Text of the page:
30 years on, and the Hoops brand is nearly ubiquitous for the NBA. There have been more cards issued under the Hoops name than any other in the entire history of the sport.  There seems to be no signs of that slowing down, as Panini still continues to produce a Hoops set every year. I hope that somebody always will. 

7 comments:

  1. Hoops was so great the first few years. I remember buying packs for $.50 each weekly.

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  2. This was a great set. I remember people coming into the shop I worked out opening boxes of this stuff looking for the David Robinson rookie card. I've never really taken the time to give this set the props it deserves. It's so much cooler than the set Fleer released that year.

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  3. Great write-up, Billy! I'm fairly certain that this was the first basketball set that I ever collected, so because of that I have a bit of an emotional connection to it. The Hoops Superstars was a Sears item, at this point it probably wouldn't be too hard to find an old catalog with them in there. And you're completely right about the crazy rare announcers set, you never find those in the wild. I'd love to own a few cards from it, but don't want to pay the online prices for them... which means that I still don't have any!

    As an aside, this post made me realize that the Hoops Decade set is twenty years old as well, somehow that makes me feel older than thinking about the original Hoops turning 30.

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  4. The Detroit Pistons "1989 World Champions" card wasn't really a "planned variation". The original version (with the team hoisting the Larry O'Brien Trophy) was short-printed in update series packs. I don't know how hard they were to pull but it was much, much less than one per box. (In fact, it was possibly the first real "chase card" in the hobby.) Prices quickly shot up to the $50-$60 range, leading many people to complain that they were unable to finish their sets. The "variation" (with the Pistons logo) was subsequently offered as a mail-in promotion to keep their customers happy. It was never issued in packs.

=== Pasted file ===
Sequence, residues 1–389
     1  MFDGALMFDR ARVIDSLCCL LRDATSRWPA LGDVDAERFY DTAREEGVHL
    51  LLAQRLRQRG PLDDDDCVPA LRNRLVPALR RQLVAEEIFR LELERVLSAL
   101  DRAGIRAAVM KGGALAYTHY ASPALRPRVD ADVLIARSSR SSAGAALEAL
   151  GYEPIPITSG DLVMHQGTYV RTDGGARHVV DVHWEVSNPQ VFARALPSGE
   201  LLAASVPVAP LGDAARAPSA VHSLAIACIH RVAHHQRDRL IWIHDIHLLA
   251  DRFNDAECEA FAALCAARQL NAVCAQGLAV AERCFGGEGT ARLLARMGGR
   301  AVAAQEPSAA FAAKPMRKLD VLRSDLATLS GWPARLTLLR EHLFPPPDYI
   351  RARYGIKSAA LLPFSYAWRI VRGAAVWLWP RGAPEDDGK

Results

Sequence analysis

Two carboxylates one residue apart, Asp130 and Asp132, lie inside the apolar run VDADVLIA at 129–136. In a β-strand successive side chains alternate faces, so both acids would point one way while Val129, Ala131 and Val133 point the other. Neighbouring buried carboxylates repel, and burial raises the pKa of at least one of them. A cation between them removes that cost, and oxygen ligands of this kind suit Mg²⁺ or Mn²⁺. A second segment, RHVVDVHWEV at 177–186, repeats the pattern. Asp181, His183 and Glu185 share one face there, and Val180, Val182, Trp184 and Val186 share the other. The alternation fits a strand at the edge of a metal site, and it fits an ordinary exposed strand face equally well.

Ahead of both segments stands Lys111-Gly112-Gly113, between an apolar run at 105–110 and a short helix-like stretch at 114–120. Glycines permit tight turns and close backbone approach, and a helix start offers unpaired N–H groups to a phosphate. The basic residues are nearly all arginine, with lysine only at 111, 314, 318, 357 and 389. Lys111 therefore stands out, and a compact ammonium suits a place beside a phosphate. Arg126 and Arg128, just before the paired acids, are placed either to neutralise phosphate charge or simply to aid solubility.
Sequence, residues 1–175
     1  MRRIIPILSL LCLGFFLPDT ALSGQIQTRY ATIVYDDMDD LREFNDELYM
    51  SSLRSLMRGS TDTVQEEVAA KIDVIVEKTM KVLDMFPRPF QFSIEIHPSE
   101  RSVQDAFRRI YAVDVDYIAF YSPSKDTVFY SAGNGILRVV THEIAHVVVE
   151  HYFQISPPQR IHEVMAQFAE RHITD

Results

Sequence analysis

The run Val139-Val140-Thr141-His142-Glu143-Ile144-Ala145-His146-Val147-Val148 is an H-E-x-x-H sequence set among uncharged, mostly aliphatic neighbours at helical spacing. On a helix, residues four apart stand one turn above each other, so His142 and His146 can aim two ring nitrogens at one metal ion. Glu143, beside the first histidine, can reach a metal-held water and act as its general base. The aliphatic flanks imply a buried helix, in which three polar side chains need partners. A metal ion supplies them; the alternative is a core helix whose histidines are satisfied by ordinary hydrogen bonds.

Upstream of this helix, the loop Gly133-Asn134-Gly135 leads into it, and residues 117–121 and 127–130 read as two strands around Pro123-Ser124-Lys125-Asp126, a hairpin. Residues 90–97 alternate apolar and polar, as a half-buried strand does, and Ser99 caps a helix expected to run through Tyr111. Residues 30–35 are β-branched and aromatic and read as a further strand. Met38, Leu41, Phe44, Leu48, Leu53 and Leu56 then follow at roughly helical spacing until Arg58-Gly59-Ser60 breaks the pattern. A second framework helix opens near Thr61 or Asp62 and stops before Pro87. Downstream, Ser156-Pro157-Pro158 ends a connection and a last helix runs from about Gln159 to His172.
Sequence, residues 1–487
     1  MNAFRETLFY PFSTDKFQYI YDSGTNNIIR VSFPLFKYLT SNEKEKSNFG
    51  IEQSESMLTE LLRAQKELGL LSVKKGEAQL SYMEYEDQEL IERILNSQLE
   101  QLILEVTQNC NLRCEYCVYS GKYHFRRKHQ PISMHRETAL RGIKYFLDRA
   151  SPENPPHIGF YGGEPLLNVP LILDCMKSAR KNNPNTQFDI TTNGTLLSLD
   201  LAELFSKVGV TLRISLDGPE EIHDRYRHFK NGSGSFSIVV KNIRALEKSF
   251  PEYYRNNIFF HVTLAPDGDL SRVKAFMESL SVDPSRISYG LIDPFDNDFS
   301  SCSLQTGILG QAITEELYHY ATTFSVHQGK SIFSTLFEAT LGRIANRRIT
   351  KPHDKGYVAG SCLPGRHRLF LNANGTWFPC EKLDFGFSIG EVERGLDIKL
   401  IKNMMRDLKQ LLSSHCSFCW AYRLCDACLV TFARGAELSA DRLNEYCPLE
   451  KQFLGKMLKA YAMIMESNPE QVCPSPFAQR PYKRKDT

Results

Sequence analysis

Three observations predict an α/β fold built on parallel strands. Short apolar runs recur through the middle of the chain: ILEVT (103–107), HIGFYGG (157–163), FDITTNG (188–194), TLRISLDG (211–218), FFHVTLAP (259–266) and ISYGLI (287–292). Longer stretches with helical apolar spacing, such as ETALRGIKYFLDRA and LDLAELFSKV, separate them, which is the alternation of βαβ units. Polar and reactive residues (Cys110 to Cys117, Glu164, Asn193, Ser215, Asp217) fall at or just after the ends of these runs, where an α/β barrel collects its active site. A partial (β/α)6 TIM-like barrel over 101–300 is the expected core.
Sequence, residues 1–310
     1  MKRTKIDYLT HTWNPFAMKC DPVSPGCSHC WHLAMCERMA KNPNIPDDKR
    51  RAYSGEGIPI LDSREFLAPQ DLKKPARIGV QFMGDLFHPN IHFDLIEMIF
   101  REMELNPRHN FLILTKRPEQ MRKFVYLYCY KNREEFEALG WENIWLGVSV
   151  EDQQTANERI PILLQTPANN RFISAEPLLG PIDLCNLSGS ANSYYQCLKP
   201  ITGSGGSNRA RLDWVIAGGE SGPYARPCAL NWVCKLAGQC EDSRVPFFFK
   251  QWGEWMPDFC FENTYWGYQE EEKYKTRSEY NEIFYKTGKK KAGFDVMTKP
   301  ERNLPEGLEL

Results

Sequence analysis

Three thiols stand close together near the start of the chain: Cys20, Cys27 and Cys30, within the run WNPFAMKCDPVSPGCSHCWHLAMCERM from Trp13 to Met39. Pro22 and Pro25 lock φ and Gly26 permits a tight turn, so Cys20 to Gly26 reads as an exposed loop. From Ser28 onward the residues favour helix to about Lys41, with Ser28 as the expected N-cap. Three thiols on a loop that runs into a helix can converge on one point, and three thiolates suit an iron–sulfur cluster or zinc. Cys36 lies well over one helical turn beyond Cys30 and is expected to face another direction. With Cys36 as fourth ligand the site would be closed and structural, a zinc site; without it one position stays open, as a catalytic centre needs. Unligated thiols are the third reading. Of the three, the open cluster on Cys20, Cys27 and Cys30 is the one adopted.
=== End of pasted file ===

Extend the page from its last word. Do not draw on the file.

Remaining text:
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  5. Wow, that's a lot of great information, Billy! I definitely remember that set, even though I didn't collect basketball cards back then. (Great advertisement too, by the way.)

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  6. Nice run down. These were hot at the shop back in the day. Such great memories!!

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  7. Great post. Loved these back in the day and I still don't hesitate to pick up a pack given the chance.